South Dakota museum awarded ownership of Presley guitar

FILE - This April 22, 2013, file photo, shows the slightly smashed acoustic guitar played by Elvis Presley during the final tour before his death in 1977 on display at the National Music Museum in Vermillion, S.D. A federal judge has ruled Monday, Jan. 23, 2017, that the South Dakota museum is the legal owner of the guitar played by Elvis Presley. (AP Photo/Dirk Lammers, File)

A federal judge has ruled that a South Dakota museum is the legal owner of a guitar played by Elvis Presley

VERMILLION, S.D. — A federal judge ruled Monday that a South Dakota museum is the legal owner of a guitar played by Elvis Presley.

The Martin D-35 guitar has been on display at the National Music Museum in Vermillion since 2013. It had been donated by collector and musician Robert Johnson (not the legendary blues artist). But months later, Tennessee-based collector Larry Moss contacted the museum saying he was the rightful owner and the donor was not in a position to give away the guitar.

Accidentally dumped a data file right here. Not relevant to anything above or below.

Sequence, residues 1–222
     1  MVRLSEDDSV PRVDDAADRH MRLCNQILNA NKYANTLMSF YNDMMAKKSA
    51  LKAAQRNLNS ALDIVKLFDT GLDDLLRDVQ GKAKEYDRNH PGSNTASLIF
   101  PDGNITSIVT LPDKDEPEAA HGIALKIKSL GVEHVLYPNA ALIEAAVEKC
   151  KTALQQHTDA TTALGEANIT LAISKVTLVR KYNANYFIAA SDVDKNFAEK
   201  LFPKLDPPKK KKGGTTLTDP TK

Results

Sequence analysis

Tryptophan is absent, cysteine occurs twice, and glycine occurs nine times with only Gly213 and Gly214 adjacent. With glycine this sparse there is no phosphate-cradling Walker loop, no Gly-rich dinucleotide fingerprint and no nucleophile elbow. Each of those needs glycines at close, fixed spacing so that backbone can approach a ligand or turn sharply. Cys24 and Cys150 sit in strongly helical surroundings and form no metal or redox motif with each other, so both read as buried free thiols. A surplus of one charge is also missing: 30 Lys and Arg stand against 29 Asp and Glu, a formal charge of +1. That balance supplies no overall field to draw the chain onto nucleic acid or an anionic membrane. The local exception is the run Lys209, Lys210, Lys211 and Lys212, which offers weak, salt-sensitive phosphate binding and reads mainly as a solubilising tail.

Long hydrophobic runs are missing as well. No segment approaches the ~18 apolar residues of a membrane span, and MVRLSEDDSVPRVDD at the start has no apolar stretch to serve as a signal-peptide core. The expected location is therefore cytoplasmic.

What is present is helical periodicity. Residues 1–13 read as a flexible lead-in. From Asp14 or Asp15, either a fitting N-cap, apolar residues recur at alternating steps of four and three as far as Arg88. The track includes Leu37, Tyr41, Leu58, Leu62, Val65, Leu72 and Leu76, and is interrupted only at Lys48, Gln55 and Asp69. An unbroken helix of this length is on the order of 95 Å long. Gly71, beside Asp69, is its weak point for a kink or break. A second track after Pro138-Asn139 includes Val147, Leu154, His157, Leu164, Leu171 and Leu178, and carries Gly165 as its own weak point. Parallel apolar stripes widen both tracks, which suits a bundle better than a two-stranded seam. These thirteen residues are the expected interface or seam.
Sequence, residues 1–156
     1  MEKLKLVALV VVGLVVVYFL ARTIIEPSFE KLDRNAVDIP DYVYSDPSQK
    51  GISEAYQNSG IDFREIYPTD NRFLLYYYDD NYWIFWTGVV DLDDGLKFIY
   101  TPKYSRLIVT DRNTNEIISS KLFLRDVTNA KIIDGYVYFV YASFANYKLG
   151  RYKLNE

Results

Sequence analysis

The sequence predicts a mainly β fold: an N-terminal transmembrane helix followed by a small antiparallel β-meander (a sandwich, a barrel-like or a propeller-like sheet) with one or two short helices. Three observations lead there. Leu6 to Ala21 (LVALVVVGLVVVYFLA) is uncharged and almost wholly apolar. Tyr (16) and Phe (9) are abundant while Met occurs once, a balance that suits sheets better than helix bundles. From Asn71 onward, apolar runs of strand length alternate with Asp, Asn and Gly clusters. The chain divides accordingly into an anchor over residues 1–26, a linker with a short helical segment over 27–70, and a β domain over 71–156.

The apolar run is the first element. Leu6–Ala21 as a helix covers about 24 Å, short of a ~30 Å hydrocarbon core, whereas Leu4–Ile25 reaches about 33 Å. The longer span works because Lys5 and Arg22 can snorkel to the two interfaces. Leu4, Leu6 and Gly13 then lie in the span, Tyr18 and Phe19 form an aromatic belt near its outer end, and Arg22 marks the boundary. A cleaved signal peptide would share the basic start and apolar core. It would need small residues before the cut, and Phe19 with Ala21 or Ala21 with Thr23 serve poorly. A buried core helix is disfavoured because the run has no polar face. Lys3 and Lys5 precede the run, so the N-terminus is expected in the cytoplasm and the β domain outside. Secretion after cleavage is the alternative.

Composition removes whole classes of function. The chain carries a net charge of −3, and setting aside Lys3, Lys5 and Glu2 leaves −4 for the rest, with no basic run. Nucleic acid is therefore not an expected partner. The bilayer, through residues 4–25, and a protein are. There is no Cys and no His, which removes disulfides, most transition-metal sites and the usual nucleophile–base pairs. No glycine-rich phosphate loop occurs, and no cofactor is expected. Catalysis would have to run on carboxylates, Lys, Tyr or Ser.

The National Music Museum asked a judge in July 2014 to declare it the legal owner of the guitar.

A judge ruled Monday that Moss never owned the title, never possessed the guitar and never paid for it, and didn't take legal action during his three-year wait for the instrument. The museum received the guitar's title in 2013 and is the legal owner, the court found.

Presley played the guitar during his 1977 tour and gave it to a fan in St. Petersburg, Florida, when it was damaged. Presley died six months later.

"We are elated to receive this judgment on the guitar," National Music Museum Director Cleveland Johnson said in a statement. "We're thrilled that our passionate commitment to it will ensure that it stays at the NMM for the enjoyment of our future visitors. We are the most suited to the guitar's safeguarding and physical preservation. It's in the best hands."

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